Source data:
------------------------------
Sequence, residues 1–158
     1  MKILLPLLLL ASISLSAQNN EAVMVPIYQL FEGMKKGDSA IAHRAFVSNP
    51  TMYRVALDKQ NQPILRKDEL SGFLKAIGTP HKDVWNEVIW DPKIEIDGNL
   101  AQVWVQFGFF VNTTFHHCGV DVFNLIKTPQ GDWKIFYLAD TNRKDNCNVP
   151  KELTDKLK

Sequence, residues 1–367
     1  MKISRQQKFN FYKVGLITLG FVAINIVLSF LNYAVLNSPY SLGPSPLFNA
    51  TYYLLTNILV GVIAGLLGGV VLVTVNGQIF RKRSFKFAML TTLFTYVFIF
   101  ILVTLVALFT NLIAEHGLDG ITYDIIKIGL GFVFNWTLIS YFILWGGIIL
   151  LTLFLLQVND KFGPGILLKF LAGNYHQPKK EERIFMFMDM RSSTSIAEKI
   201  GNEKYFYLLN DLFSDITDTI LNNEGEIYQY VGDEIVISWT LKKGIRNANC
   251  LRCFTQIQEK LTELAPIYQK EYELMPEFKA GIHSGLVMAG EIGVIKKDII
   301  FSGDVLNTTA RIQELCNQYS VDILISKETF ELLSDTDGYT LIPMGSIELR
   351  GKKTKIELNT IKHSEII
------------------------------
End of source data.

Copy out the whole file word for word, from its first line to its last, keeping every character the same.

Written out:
Sequence, residues 1–158
     1  MKILLPLLLL ASISLSAQNN EAVMVPIYQL FEGMKKGDSA IAHRAFVSNP
    51  TMYRVALDKQ NQPILRKDEL SGFLKAIGTP HKDVWNEVIW DPKIEIDGNL
   101  AQVWVQFGFF VNTTFHHCGV DVFNLIKTPQ GDWKIFYLAD TNRKDNCNVP
   151  KELTDKLK

Sequence, residues 1–367
     1  MKISRQQKFN FYKVGLITLG FVAINIVLSF LNYAVLNSPY SLGPSPLFNA
    51  TYYLLTNILV GVIAGLLGGV VLVTVNGQIF RKRSFKFAML TTLFTYVFIF
   101  ILVTLVALFT NLIAEHGLDG ITYDIIKIGL GFVFNWTLIS YFILWGGIIL
   151  LTLFLLQVND KFGPGILLKF LAGNYHQPKK EERIFMFMDM RSSTSIAEKI
   201  GNEKYFYLLN DLFSDITDTI LNNEGEIYQY VGDEIVISWT LKKGIRNANC
   251  LRCFTQIQEK LTELAPIYQK EYELMPEFKA GIHSGLVMAG EIGVIKKDII
   301  FSGDVLNTTA RIQELCNQYS VDILISKETF ELLSDTDGYT LIPMGSIELR
   351  GKKTKIELNT IKHSEII